Category Archives: Coaching

The Little Recognized Secret of Success

This past weekend, my wife Bonni, her parents, and I saw Tony Bennett perform at the Orange County Performing Arts Center.

Concert Hall

He is 88 years old and still performing regularly.

It’s not just his age that’s impressive. He’s had chart topping releases in each of his six decades of music (including his new Cheek to Cheek* album with Lady Gaga).

New Post at HBR: The Marshmallow Test for Grownups

The Marshmallow Test

As adults we face a version of the marshmallow test nearly every waking minute of every day. We’re not tempted by sugary treats, but by our browser tabs, phones, tablets, and (soon) our watches—all the devices that connect us to the global delivery system for those blips of information that do to us what marshmallows do to preschoolers… Read the rest at HBR.

Get Behind This to Motivate Your Team

My first full-time job was with an education company. I oversaw both the instructional services that the kids in our program received as well as the business aspects of marketing to the community.


Since it was a membership program, we grew concerned when kids failed to show up for their after-school lessons. When a child missed lessons for a few days in a row, we reached out to their parents by phone.

Missed lessons were often a beginning sign of a bigger issue: the child struggling with the curriculum, the family having budgetary concerns, or simply a lack of commitment with the program. Either way, difficult conversations often emerged during these calls. So, I did what any reasonable person would do when they don’t want to do something.

The Communication Funnel

The communication funnel is a concept I regularly discuss with coaching clients, most of whom are senior leaders in constant contact with their direct reports and/or managing virtual teams.

We prioritize immediacy and convenience in our communication, so we start with the fastest and easiest channels at our disposal–text, chat or email. But these channels lack bandwidth, so they’re poorly-suited to conveying nuance and complexity.

How To Navigate When You’re Flying Blind

Bonni and I have started checking out local preschools for our son to attend next year. It’s a blessing and a curse that there are tons of options in our immediate vicinity.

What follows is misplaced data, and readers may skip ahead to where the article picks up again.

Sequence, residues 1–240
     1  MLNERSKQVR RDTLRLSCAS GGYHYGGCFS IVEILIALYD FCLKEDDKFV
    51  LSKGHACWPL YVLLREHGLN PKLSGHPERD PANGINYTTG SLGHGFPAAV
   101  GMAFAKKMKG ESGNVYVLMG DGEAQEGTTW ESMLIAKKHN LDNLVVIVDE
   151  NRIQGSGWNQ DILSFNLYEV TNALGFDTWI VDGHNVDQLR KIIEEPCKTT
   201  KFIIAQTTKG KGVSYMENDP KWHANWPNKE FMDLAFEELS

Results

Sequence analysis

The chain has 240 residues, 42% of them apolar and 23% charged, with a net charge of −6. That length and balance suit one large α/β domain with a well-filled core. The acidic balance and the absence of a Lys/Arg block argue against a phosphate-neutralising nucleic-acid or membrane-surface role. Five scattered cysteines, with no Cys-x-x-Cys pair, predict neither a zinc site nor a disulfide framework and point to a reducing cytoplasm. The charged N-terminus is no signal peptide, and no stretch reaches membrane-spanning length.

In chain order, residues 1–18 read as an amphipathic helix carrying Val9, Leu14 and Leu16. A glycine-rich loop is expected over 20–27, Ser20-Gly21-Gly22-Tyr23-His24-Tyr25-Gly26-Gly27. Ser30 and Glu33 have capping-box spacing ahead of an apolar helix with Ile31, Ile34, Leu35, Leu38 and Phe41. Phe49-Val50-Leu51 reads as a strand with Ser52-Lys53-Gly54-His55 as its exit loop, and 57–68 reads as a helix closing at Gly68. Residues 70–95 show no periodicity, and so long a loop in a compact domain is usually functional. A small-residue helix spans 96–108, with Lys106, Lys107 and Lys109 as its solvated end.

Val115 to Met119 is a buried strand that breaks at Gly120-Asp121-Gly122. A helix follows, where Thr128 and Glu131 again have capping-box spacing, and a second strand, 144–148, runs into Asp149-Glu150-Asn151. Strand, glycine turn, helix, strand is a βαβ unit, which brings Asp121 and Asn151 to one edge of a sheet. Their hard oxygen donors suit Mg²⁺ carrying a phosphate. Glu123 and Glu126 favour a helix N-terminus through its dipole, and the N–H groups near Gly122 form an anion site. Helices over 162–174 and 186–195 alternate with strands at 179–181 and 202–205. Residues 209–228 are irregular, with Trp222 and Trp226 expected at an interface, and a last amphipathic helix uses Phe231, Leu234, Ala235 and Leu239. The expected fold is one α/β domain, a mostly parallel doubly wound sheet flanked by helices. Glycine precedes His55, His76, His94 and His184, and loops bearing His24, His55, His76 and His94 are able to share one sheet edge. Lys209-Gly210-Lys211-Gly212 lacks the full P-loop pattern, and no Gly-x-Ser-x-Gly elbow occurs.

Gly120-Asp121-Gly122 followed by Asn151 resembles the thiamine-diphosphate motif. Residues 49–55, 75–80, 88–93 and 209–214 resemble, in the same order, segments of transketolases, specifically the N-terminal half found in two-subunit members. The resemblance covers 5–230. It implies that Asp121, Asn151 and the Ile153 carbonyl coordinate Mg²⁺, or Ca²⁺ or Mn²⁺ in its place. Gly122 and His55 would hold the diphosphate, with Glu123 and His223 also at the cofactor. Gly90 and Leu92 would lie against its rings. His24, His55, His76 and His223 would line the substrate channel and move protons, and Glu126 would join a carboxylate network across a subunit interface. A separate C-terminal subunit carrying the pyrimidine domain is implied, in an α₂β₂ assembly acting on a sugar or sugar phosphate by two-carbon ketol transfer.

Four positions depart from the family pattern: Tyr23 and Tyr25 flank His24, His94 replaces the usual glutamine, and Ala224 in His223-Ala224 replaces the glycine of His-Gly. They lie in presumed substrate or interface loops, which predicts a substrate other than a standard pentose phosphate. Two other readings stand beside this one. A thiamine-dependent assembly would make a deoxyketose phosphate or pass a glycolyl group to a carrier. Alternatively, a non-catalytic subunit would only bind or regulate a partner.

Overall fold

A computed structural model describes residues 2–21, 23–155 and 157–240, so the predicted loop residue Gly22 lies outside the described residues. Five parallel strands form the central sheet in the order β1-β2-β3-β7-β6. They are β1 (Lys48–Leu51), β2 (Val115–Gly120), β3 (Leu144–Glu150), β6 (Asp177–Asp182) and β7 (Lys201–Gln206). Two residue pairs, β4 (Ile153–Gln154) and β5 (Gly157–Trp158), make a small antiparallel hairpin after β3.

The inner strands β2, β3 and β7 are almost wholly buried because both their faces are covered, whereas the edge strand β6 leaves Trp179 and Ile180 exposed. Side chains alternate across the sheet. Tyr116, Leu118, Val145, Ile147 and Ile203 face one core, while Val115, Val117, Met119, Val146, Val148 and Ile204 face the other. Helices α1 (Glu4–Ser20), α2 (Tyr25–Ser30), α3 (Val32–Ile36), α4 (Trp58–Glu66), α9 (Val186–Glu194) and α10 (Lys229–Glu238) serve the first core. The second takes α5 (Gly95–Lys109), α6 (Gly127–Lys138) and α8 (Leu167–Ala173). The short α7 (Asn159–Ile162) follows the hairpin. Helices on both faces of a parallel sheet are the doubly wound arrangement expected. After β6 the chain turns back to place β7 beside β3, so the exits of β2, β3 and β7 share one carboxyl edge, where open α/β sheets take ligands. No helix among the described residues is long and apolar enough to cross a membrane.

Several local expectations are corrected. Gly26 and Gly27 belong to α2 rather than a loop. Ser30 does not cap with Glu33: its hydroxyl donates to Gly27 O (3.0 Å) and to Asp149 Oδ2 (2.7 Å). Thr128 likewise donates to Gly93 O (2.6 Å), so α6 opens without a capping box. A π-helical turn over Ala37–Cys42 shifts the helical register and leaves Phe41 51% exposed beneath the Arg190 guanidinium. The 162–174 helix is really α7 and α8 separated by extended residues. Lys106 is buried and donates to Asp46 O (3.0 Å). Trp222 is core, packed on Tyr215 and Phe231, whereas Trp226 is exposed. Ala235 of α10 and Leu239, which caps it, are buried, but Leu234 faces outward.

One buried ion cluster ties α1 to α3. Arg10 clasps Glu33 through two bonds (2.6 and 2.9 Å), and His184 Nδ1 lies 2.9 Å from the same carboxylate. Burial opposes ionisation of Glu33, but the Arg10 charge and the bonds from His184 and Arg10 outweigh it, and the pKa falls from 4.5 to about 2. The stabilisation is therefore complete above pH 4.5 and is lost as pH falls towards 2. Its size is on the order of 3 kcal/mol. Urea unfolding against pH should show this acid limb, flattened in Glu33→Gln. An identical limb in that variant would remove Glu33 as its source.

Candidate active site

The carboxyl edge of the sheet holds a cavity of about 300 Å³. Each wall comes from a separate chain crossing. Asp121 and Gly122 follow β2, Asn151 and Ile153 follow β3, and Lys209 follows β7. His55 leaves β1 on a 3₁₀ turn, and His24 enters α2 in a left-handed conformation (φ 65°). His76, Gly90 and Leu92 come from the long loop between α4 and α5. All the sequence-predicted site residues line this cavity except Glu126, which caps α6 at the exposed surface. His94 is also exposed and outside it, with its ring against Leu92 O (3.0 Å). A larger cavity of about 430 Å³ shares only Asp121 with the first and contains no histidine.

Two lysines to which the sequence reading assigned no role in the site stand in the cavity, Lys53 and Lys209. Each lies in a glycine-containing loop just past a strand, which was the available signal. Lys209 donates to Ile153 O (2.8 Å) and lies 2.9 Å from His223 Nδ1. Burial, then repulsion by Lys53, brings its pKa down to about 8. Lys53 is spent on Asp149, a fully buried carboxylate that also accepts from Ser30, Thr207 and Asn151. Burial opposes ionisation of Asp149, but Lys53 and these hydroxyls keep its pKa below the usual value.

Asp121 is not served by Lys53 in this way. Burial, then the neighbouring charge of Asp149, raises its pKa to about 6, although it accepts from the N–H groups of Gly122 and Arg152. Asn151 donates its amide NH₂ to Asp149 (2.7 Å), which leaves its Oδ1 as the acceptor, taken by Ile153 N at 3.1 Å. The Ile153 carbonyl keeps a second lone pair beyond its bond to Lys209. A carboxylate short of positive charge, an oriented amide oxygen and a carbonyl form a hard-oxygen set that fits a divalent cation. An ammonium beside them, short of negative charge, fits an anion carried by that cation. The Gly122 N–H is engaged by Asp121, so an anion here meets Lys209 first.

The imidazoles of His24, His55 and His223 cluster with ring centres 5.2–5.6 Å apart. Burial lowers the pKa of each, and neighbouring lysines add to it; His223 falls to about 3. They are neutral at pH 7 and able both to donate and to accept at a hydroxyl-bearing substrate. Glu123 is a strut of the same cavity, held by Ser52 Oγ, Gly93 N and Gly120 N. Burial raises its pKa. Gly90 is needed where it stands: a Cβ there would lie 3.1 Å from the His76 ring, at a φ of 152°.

Flying Blind

Like most parents, we’ve spent time researching and visiting schools in preparation for where we’ll send our kids. After a few weeks of this, I found myself with more questions than I had before we started.

Fortunately, an old friend of Bonni’s is a preschool director and offered to share some of her wisdom with us. We had dinner recently and she asked us lots of questions and then shared her experiences.

My Favorite Piece of Advice…

W.C. Fields

…comes from the wonderfully cantankerous early 20th century actor W.C. Fields:

I don’t have to attend every argument I’m invited to.

We’re so quick to assume that if someone has an issue or a dispute or wants to pick a fight with us for some reason that we’re obligated to reciprocate. “We’ve been invited to an argument,” we say to ourselves, “and it would be rude to decline.”

We would do well to reconsider that logic.

Do This To Be The Leader People Remember

Awhile back, I was having a chat with a client that I’ve always liked and respected. We got to talking about her career trajectory and she was telling me about the best manager she’d ever had.

Give attention

Her first manager was someone who was kind, consistent, and most importantly, made time to coach her to be a more effective professional.

She mentioned being particularly impressed with the time he spent a few times a year to meet personally and provide her with some coaching. She was even more grateful for it now, since she had since worked for several other people in the industry and realized how rare it was for a manager to provide the kind of personal attention he did.